Gulf of Aden pirates are having less success

Although pirates last year made many more attempts to board ships in the Gulf of Aden and off the coast of Somalia, the number of successful seizures was about the same as in 2008, according to the U.S.-organized multinational maritime force here.

The figures suggest that new “defensive driving” tactics adopted by many commercial shipping companies are helping ward off attackers, naval officials said.

There were 198 attempts at piracy in the vast region last year, a 62% increase from 2008, but only 44 attempts were successful. In 2008, there were 122 attempts and 42 successful acts of piracy.

Last year, an industry group developed a list of “best practices” for ships in pirate-infested waters: placement of physical barriers and razor wire to repel boarders, removal of overboard ladders, use of fire hoses and a planned zigzag method of navigation when pirates approach.

“Believe it or not, there are still merchant ships out there that are not following the ‘best practices,’ including not having a lookout,” said British Royal Navy Commodore Tim Lowe, deputy commander of the Combined Maritime Forces.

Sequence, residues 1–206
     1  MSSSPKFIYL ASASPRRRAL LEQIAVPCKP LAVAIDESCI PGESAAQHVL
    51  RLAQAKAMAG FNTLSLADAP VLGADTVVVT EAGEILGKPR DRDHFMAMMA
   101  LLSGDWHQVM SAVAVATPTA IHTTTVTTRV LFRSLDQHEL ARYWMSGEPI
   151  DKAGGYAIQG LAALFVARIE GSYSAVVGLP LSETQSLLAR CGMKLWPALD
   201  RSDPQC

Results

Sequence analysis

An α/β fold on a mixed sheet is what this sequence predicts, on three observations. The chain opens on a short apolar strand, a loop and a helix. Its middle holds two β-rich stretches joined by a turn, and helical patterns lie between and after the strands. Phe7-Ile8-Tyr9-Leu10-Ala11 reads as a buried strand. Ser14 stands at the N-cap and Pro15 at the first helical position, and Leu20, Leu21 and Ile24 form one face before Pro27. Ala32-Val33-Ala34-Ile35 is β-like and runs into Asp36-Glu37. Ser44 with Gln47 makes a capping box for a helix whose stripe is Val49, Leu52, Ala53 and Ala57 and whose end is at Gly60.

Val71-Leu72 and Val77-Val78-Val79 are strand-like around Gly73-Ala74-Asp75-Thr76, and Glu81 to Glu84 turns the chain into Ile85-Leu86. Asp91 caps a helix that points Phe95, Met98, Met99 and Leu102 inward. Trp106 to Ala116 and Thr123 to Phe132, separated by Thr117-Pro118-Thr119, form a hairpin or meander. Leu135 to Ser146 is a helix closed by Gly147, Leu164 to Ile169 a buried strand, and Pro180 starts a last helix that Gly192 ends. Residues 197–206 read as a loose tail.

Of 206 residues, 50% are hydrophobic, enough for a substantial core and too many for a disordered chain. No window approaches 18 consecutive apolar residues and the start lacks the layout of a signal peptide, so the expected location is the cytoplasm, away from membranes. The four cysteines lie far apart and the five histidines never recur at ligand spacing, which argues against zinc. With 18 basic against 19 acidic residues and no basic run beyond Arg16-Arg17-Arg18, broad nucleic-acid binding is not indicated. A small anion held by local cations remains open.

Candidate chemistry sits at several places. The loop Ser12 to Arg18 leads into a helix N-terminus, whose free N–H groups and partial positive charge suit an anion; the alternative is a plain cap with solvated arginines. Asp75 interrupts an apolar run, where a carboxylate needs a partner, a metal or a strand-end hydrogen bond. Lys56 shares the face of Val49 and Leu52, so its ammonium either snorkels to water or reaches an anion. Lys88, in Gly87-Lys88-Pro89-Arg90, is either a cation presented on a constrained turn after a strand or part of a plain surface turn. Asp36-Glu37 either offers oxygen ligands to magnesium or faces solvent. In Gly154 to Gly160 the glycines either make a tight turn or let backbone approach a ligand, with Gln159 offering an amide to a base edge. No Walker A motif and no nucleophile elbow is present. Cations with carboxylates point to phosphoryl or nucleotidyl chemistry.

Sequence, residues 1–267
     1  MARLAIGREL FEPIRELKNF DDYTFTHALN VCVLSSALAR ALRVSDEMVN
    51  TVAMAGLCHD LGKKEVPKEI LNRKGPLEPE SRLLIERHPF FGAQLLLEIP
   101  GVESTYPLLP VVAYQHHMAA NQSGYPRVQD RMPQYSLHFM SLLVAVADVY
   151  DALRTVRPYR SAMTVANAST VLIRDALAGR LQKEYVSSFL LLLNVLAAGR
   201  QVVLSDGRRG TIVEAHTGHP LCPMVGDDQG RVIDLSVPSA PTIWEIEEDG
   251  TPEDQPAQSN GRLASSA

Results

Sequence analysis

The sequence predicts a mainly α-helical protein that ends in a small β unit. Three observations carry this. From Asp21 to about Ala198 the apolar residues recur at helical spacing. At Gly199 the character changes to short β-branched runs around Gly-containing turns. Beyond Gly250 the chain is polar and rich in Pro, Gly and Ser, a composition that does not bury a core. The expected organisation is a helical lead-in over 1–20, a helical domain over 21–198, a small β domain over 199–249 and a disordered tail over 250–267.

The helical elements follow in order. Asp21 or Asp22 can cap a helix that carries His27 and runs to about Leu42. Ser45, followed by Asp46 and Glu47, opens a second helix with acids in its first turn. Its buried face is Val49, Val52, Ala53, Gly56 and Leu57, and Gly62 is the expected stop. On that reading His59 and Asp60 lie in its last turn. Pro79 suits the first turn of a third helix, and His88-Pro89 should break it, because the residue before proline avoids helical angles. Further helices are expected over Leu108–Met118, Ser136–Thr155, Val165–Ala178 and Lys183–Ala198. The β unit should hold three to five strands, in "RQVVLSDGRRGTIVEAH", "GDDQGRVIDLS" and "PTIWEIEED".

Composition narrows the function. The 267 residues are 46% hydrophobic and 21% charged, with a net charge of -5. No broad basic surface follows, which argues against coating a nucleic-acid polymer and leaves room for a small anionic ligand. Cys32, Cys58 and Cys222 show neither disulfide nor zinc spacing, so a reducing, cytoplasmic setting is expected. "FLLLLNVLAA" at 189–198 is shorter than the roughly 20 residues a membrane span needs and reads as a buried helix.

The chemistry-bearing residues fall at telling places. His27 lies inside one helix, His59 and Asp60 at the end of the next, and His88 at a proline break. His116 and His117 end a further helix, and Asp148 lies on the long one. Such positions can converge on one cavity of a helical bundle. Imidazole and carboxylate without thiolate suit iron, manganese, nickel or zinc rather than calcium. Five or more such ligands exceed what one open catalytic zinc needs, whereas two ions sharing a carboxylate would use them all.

The forces include ships from two dozen countries. The North Atlantic Treaty Organization and the European Union have also organized task forces. China, Iran, Malaysia and India have independently sent ships to thwart pirates.

When the piracy problem escalated in the last decade, some shipping companies appeared to be reluctant to change their procedures, possibly because less than 1% of ships are seized.

Also, some companies were concerned that the pirates, who are usually armed with AK-47s and rocket-propelled grenades, might become more violent if merchant ships carried armed guards. The “best practices” document recommends only that ships consider guards.

Working groups from the United Nations are also attempting to trace the money paid in ransom and to persuade more countries to put pirates on trial.

The 22% success rate for pirates last year compares with 34% in 2008 and 63% in 2007, before the three anti-piracy task forces were formed. Yet for pirates who can seize a ship, returns are enormous: In 2009, $48.4 million was paid in ransom.

Most of the pirates come from Somalia, which has a 1,880-mile coastline and virtually no government.

“The solution for piracy is to establish a judicial system and law and order” in Somalia, Lowe said. “Until then, the navies are just trying to keep a cap on it.”